<June 27> every thing waste about ; they therefore carried it to who was sick with the ague and fever, bout 2½ miles North of ; he was afraid to go on the main road, and after two hours persuasion Mr Benjamin Leyland consented to pilot by “a blind road”, and about midnight they started and arrived in a little after sunrise; they found the News had arrived before them for about a dozen men were chatting about it at the , not knowing what to believe until handed in the <above> official letter. [HC 6:622]
In the meantime the was making to the Saints in , one of the most infamous and insulting speeches that ever fell from the lips of an Executive; among other things he said,
“a great crime has been done by destroying the Expositor press and placing the under martial law, and a severe atonement must be made, so prepare your minds for the emergency. Another cause of excitement is the fact of your having so many fire arms; the public are afraid that you are going to use them against government. I know there is a great prejudice against you on account of your peculiar religion, but you ought to be praying saints, not military Saints, not military Saints. Depend upon it, a little more misbehavior from the citizens, and the torch which is now already lighted will be applied, the may be reduced to ashes and extermination would inevitably follow; and it gave one great pain to think that there was danger of so many innocent women and children being exterminated. If anything of a serious character should befal the lives or poperty of the persons who are prosecuting your leaders, you will be held responsible”
The was solicited to stay until morning, but he declined and left at about 6½ P. M.; and in passing up Main Street his escort performed the sword exercise, giving all the passes, guards, cuts and thrusts, taking up the entire width of [HC 6:623] the street, and making as imposing a show as they could, until they passed ’s store near the ; this was apparently done to intimidate the people, as the had remarked in his speech, that they need not expect to set themselves up against such “well disciplined troops.”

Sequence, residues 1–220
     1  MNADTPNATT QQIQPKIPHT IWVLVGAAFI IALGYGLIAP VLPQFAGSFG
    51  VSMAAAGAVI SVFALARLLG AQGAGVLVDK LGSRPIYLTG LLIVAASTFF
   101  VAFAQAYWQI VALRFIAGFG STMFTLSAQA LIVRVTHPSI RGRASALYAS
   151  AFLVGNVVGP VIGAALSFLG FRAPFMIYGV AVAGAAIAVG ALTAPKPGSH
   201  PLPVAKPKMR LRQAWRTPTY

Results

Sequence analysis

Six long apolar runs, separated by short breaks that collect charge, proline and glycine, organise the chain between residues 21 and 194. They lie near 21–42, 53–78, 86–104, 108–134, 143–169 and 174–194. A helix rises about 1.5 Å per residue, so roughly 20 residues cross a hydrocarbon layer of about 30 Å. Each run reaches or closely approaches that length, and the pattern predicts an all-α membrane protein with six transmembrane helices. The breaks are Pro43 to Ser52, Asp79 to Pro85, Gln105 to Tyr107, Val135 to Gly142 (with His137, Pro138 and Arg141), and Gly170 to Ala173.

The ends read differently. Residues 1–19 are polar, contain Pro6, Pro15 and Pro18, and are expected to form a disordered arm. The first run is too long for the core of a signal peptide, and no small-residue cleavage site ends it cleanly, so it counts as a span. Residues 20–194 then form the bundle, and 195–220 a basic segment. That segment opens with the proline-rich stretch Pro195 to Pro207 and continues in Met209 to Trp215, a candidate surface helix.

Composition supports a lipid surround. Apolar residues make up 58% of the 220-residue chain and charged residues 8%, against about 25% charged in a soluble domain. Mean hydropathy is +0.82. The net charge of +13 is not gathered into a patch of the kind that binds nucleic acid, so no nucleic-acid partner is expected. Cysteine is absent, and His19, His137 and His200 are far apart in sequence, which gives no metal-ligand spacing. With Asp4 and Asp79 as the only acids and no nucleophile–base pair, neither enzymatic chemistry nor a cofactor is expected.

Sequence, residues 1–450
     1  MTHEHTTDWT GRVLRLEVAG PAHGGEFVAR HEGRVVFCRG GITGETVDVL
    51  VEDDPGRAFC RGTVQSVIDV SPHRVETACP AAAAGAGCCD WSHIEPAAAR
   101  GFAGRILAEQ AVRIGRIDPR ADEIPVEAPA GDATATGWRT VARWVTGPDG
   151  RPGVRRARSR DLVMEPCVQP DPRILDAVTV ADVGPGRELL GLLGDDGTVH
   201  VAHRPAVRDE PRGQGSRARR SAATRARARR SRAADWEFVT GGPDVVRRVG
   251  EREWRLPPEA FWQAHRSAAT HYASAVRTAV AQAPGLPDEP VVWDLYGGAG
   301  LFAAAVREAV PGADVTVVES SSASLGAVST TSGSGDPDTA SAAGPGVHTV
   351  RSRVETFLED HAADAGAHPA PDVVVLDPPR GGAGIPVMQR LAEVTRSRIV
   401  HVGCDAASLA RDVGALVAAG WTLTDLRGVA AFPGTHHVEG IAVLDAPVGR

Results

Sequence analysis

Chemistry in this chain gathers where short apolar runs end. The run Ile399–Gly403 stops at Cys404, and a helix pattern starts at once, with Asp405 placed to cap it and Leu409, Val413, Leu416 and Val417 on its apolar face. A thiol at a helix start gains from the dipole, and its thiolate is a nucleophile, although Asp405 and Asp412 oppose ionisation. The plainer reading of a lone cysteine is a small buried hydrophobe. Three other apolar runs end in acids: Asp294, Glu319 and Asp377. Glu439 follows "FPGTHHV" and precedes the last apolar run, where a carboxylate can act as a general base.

Soon after Capt. Singleton and his company left for home.
When the and his party had proceeded about three miles <from > they met two messengers ( and ) hastening with the sad news to ; the took them back to with him, <to ’s house 1½ miles east of > and kept them in custody in order to prevent their carrying the News until he and the authorities had removed the County records and public documents, and until most of the inhabitants had left . The then proceeded towards , <when took another horse and rode into with the news that night.>
12 o’clock at night, 27th June,
“To Mrs , and &c,—
The has just arrived; says all things shall be inquired into, and all right measures taken.
“I say to all the citizens of , my brethren, be still, and know that God reigns. Don’t rush out of the city— don’t rush to : stay at home, and be prepared for an attack from Missouri mobbers. The will render every assistance [p. 186]
John S. Fullmer, Preston, England, to George A. Smith, 27 Nov. 1854, Historian’s Office, JS History Documents, 1839–1860, CHL; Stephen Markham, Fort Supply, Utah Territory, to Wilford Woodruff, Great Salt Lake City, Utah Territory, 20 June 1856, Historian’s Office, JS History Documents, 1839–1860, CHL; Jones, Martyrdom of Joseph and Hyrum Smith.
Historian’s Office. Joseph Smith History Documents, 1839–1860. CHL. CR 100 396.
Jones, Dan. The Martyrdom of Joseph and Hyrum Smith, 1855. CHL. MS 153.